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Keyword: aspen

Habitat use data for male ruffed grouse in the Black Hills National Forest

Datasets Posted on: March 27, 2015
Ruffed grouse (Bonasa umbellus) are native upland game birds and a management indicator species (MIS) for aspen (Populus tremuloides) in the Black Hills National Forest in South Dakota and Wyoming. Drumming surveys were conducted in the spring of 2007 and 2008 to locate used and unused male ruffed grouse sites from which habitat characteristics were compared at increasing spatial scales of 200 meters (m), 400 m, 1600 m, and 4800 m.

Multi-scale habitat use of male ruffed grouse in the Black Hills National Forest

Publications Posted on: September 26, 2014
Ruffed grouse (Bonasa umbellus) are native upland game birds and a management indicator species (MIS) for aspen (Populus tremuloides) in the Black Hills National Forest (Black Hills). Our objective was to assess resource selection of male ruffed grouse to identify the most appropriate scale to manage for aspen and ruffed grouse in the Black Hills.

Widespread triploidy in western North American aspen (Populus tremuloides)

Publications Posted on: September 17, 2013
We document high rates of triploidy in aspen (Populus tremuloides) across the western USA (up to 69% of genets), and ask whether the incidence of triploidy across the species range corresponds with latitude, glacial history (as has been documented in other species), climate, or regional variance in clone size.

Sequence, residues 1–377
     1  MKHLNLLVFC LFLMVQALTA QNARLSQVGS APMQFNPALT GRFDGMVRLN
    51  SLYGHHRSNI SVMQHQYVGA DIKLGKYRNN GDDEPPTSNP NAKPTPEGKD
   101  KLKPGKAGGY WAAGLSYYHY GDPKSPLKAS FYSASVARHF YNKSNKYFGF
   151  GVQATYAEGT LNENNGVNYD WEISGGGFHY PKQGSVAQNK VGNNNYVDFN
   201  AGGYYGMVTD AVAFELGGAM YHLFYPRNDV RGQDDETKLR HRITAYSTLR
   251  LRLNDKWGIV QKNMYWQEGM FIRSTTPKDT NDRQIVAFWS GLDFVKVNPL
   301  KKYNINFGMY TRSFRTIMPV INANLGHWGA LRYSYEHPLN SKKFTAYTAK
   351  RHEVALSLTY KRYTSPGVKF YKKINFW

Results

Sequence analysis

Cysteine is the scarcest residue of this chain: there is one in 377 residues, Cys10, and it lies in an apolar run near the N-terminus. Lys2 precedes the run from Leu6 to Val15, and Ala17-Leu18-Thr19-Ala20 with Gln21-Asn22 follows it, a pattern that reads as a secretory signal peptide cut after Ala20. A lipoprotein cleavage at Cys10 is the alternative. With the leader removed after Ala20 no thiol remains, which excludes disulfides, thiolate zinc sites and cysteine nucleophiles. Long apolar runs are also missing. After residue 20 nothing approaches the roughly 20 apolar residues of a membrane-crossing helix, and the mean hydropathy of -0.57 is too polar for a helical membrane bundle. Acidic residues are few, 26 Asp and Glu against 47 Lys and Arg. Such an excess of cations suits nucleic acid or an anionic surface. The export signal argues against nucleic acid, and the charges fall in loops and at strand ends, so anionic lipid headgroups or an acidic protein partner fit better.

Continental-scale assessment of genetic diversity and population structure in quaking aspen (Populus tremuloides)

Publications Posted on: September 17, 2013
Aspen populations in the south-western portion of the range are consistent with expectations for a historically stable edge, with low within-population diversity, significant geographical population structuring, and little evidence of northward expansion.

Molecular tools and aspen management: A primer and prospectus

Publications Posted on: June 28, 2013
Aspen (Populus tremuloides) isaniconic species in North American landscapes, highly valued for recreation, fiber, wildlife and livestock forage, carbon sequestration, biodiversity, and as a fuelbreak. However, there are rising concerns about the ability of aspen to persist in portions of its range, based on bioclimatic modeling, physiological thresholds and mortality surveys.

Decline of aspen (Populus tremuloides) in the Interior West [Abstract 1]

Publications Posted on: May 03, 2013
Western aspen forests are unique because they reproduce primarily by suckering from the parent root system. Generally a disturbance or die back is necessary to stimulate regeneration of the stands. Unlike other tree species, if aspen stands are lost from the landscape, generally they will not return through natural processes.

Decline of aspen (Populus tremuloides) in the Interior West [Abstract 2]

Publications Posted on: May 03, 2013
It is commonly recognized that aspen (Populus tremuloides) ecosystems in the Interior West provide numerous benefits: (1) forage for livestock, (2) habitat for wildlife, (3) water for downstream users, (4) esthetics, (5) sites for recreational opportunities, (6) wood fiber, and (7) landscape diversity.

Vegetation species diversity inside and outside exclosures in sagebrush, salt desert shrub, and aspen communities

Publications Posted on: May 03, 2013
Vegetation was sampled inside and outside eight exclosures in salt desert shrub and sagebrush vegetation types in Southwestern Wyoming and eight exclosures in aspen vegetation in southern Utah. Only species richness has been examined thus far. Five of the eight Wyoming exclosures had an average of 11% more plant species present outside the exclosure than inside.

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